Why We Should All Celebrate Startup Across America Day

The entrepreneurial spirit has fueled America's economy for centuries. And these days, that spirit is stronger than ever.

Over the last two decades, 65 percent of new jobs have been created by startups and small enterprises. Companies less than one year old have created an average of 1.5 million jobs per year over the past three decades. And in recent years, new enterprises have helped move our economy from recession to recovery to expansion.

As someone who has spent the majority of my career and life as a serial entrepreneur, starting my first company while still in high school, I am a true believer in the potential that American innovators have to change the world and commerce for the better.  It takes an extraordinary amount of effort and vision. I have so much respect for those willing to take the leap and spur new growth and innovation.

That's why, today, I'm enthusiastic to be celebrating the fourth annual Startup Across America Day.

Since we launched Startup Day four years ago, this bipartisan endeavor has been supported by dozens of leaders from both the House and Senate. It has connected aspiring and accomplished entrepreneurs across the country with policy makers, helping them learn what it takes to succeed and compete in the 21st century.

That's incredibly important. Why?

As a country, empowering entrepreneurs to take smart risks and to aim for the stars – no matter who they are or where they come from – is something that benefits us all. From innovations improving education to new cures for diseases that have plagued humanity for centuries, the benefits of creative endeavors go far beyond the jobs directly created. That's why President Obama has prioritized removing barriers to innovation: by making it easier for entrepreneurs to buy health insurance, pay off student loan debt, connect to high-speed broadband, and have access to a free and open internet. But we’ve got more work to do.

Every startup is an experiment with the chance to change the world.  The more we reduce the cost of researching, of experimenting, of starting up something new – the more we facilitate capital formation, to help get new ideas off the ground- the better the world will be.

That's worth celebrating. This Startup Day, I hope you join me in participating. From visiting a new small business in town, to offering support to a venture that's just about to launch, or becoming an entrepreneur yourself — we all have a role we can play in continuing to move America's economy forward.

The entrepreneurial spirit has fueled America's economy for centuries. And these days, that spirit is stronger than ever.

Over the last two decades, 65 percent of new jobs have been created by startups and small enterprises. Companies less than one year old have created an average of 1.5 million jobs per year over the past three decades. And in recent years, new enterprises have helped move our economy from recession to recovery to expansion.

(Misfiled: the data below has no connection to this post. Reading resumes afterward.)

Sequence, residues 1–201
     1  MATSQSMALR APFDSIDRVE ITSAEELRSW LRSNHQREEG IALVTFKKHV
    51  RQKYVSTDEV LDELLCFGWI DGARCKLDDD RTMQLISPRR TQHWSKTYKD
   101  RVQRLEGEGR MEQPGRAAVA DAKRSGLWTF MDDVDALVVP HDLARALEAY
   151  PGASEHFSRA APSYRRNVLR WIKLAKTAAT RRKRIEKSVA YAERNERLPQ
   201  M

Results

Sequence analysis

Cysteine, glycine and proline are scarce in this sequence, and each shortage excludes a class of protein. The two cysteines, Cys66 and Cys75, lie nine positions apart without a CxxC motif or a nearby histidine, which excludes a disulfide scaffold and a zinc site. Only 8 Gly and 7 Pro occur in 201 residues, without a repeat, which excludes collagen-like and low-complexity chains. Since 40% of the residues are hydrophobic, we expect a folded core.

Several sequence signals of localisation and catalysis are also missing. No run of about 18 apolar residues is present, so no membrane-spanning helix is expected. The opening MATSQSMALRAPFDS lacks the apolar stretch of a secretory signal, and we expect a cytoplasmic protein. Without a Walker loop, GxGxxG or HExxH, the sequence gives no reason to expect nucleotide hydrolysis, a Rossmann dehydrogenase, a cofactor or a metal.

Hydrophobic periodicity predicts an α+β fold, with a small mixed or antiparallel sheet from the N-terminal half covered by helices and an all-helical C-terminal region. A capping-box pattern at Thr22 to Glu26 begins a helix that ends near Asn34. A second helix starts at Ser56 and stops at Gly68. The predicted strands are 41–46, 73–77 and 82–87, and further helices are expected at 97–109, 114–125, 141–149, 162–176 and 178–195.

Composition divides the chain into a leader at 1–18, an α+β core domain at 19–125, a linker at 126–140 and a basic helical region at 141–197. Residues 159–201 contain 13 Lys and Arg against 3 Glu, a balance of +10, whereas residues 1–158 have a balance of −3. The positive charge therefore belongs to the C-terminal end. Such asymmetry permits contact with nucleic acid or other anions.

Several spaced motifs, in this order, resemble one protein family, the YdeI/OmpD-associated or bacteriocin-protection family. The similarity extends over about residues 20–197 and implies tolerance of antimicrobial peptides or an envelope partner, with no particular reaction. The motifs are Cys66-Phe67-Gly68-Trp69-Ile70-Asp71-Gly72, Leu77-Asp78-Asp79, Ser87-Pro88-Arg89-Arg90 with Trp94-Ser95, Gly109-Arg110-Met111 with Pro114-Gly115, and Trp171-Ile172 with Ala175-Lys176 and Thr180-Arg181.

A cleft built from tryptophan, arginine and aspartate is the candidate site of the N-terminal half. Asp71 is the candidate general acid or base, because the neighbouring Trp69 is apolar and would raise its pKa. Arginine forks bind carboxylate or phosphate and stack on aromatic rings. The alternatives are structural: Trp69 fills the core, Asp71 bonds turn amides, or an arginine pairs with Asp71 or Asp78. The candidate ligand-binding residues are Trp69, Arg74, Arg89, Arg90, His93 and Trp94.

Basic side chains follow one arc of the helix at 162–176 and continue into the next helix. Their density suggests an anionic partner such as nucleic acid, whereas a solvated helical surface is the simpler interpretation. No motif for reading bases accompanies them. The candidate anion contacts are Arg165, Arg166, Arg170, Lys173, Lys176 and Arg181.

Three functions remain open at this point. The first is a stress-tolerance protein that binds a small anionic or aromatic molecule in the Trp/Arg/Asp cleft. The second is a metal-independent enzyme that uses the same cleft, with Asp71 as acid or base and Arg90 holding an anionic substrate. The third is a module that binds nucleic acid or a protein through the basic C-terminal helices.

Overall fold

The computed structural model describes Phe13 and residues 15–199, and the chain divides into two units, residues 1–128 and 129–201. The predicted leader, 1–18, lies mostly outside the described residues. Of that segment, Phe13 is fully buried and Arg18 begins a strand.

As someone who has spent the majority of my career and life as a serial entrepreneur, starting my first company while still in high school, I am a true believer in the potential that American innovators have to change the world and commerce for the better.  It takes an extraordinary amount of effort and vision. I have so much respect for those willing to take the leap and spur new growth and innovation.

That's why, today, I'm enthusiastic to be celebrating the fourth annual Startup Across America Day.

Since we launched Startup Day four years ago, this bipartisan endeavor has been supported by dozens of leaders from both the House and Senate. It has connected aspiring and accomplished entrepreneurs across the country with policy makers, helping them learn what it takes to succeed and compete in the 21st century.

That's incredibly important. Why?

As a country, empowering entrepreneurs to take smart risks and to aim for the stars – no matter who they are or where they come from – is something that benefits us all. From innovations improving education to new cures for diseases that have plagued humanity for centuries, the benefits of creative endeavors go far beyond the jobs directly created. That's why President Obama has prioritized removing barriers to innovation: by making it easier for entrepreneurs to buy health insurance, pay off student loan debt, connect to high-speed broadband, and have access to a free and open internet. But we’ve got more work to do.

Every startup is an experiment with the chance to change the world.  The more we reduce the cost of researching, of experimenting, of starting up something new – the more we facilitate capital formation, to help get new ideas off the ground- the better the world will be.

That's worth celebrating. This Startup Day, I hope you join me in participating. From visiting a new small business in town, to offering support to a venture that's just about to launch, or becoming an entrepreneur yourself — we all have a role we can play in continuing to move America's economy forward.

Jared Polis is a Member of the United States House of Representatives for Colorado's 2nd congressional district.